Fish Jig is supported by our readers. Any purchases made through affiliate links may earn us a commission. Learn more...

🎣 How to Fish Bucktail Jigs for Stripers

Bucktail jigs, or dollflies as they are also called, are one of the most versatile lures that can be used for Stripers and Hybrids. It would be rare to find a Striper or Hybrid angler who did not have at least a few bucktail jigs in their tackle box. Whether cast or trolled, jigs can be used year round. This page focuses on beginning tips for using jigs for Stripers and Hybrids.

During most of the year, some sort of trailer is added to the jig. There are three basic colors used for trailers: white, pearl and chartreuse. During the winter months, or when water temperatures are cold, many people either use no trailer or add a short split-tail spinnerbait type trailer. When the water temperatures are cold, fish the jig slow. For jig fishing in the spring, summer or fall: add a curly tailed grub trailer. Jig and trailer size will depend on the size of the bait the Stripers or Hybrids are eating and, to some extent the depth that you are trying to fish. Try to match the hatch. If fish are feeding on 3 inch Threadfin Shad, a ΒΌ oz jig with a 3-inch trailer will be best. Conversely, if they are feeding on 6-7 inch Gizzard Shad, a Β½ oz jig with a 6-inch trailer would be best. You might need to use a heavier jig if you need to make longer casts, to fish deeper, or if you are fishing in currents.

Casting a Bucktail Jig

For general casting, there are basically a couple of retrieves. Many times, simply reeling the jig straight back to the boat or bank with a steady retrieve works fine. If you are “jump” fishing, jerk the rod tip slightly to make the jig swim like a wounded baitfish. If no hits, cast to the middle of the jumps and let the jig fall 5 feet, give a jerk, start reeling with a jerky retrieve. Many times they’ll hit it on the fall, so let it fall on a tight line. If the line twitches at all, set the hook. When Stripers or Hybrids are hanging close to the bottom, allow the jig to sink to the bottom, give a short jerk and reel for a few seconds and let the jig drop again. Repeat this retrieve a few more times, and then use a slow, steady retrieve to bring the jig back to the boat.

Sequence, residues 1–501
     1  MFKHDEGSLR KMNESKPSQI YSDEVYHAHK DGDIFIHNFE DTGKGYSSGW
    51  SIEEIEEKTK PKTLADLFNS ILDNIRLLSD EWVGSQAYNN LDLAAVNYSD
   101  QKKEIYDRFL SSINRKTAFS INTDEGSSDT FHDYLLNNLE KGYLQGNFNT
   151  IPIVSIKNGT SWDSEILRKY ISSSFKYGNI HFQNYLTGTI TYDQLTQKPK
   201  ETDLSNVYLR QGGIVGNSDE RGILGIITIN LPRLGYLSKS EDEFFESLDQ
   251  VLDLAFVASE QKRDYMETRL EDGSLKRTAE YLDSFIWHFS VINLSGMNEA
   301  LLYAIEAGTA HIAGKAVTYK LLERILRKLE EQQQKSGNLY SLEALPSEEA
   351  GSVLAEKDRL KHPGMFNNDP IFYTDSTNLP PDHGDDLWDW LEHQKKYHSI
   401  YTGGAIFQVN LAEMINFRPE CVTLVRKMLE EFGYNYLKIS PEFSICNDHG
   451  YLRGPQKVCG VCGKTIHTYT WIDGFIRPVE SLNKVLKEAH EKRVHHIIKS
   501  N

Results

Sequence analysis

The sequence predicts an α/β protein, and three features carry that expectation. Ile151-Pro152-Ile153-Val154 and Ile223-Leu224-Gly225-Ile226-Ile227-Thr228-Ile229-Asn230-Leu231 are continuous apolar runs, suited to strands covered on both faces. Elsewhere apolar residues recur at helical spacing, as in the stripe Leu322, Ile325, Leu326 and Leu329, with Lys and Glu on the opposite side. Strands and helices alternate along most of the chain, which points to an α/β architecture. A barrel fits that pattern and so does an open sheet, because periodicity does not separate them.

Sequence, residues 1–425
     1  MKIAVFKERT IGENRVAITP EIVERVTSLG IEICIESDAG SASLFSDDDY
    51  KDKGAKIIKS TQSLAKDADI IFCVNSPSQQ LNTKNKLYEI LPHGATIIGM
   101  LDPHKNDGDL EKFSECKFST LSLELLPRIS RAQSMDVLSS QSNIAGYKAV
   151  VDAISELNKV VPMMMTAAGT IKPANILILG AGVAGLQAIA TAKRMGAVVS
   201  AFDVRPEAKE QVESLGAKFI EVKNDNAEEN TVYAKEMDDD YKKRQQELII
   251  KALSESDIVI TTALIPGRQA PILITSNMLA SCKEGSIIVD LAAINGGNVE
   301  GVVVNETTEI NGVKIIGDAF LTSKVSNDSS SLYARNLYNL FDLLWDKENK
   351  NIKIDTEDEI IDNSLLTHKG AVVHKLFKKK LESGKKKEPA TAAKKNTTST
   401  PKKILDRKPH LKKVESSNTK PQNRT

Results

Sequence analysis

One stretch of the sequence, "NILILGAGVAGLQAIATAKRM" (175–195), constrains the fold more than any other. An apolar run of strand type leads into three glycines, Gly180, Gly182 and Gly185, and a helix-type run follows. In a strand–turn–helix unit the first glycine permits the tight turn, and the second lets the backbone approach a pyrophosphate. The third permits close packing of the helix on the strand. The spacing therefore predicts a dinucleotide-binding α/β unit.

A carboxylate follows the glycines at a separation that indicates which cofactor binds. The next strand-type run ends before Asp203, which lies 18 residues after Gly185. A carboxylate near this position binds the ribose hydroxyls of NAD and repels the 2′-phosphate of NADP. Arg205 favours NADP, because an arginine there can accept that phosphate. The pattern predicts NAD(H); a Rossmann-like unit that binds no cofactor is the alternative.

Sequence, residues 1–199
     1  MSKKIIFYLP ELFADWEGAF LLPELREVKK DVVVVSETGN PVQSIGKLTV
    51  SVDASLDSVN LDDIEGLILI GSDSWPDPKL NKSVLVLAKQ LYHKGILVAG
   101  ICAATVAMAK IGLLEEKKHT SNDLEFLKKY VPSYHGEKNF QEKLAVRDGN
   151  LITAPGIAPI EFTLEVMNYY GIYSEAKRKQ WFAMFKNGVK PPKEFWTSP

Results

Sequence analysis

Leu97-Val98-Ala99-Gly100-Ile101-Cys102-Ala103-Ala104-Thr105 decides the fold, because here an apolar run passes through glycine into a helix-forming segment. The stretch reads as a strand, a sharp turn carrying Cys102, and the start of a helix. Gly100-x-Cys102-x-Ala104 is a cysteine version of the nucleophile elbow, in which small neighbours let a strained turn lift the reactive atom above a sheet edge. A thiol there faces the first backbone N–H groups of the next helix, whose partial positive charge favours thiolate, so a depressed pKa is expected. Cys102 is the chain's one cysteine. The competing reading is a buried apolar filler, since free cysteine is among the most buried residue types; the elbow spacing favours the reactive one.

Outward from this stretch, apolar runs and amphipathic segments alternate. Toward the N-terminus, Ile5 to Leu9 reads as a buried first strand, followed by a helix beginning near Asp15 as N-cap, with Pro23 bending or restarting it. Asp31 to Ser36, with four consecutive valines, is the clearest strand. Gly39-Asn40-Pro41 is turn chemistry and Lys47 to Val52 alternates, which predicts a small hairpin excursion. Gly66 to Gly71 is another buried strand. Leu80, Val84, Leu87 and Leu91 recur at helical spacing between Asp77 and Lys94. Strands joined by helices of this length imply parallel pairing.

Trolling with jigs can be very effective, especially during the summer or early fall months when Hybrids or Stripers are schooling. Use your depth finder to determine how deep the fish or bait are holding and bracket that depth with your jigs. Depending on how deep they are, flat lining or downrigging will be the method to use. Flat lining is simply letting out line, putting the rod in a holder and trolling. The greater the length of line you have out, the deeper the jig will run. You can also use a planer board to move the jig away from the boat or to allow for more lines and a greater spread. Just add a barrel swivel about 3 feet ahead of the jig so the planer board will not hit the fish. If they are running deeper, downriggers are real useful. See our page on using downriggers for more information on how to use downriggers.

If you do not have downriggers, there are several ways to get a jig or other lure deeper. Dipsy Divers are trolling disks that can get a lure down to around 40 feet. For shallower fish, you can often just add more weight to your line to get the jig deeper. Simply place an egg sinker on the line, attach a barrel swivel then a 3-foot leader. Tie your jig to the end of the leader. Bomber Model A’s (white) or other diving plugs can also be used to get baits deeper. Remove the rear hook of the plug, attach a 3-foot leader and tie your jig to the leader. When you troll, move the boat in an s-shaped pattern. This causes the inside line to sink and the outside line to raise on turns and helps you cover more water. As a general rule of thumb, 2-4 mph is a good speed for both Hybrids and Stripers. In terms of diving curves, a ΒΌ oz jig will sink around 2 feet with 60 feet of line out on 20 lb test at 2 mph. A 1/2 oz jig will sink around 6 feet.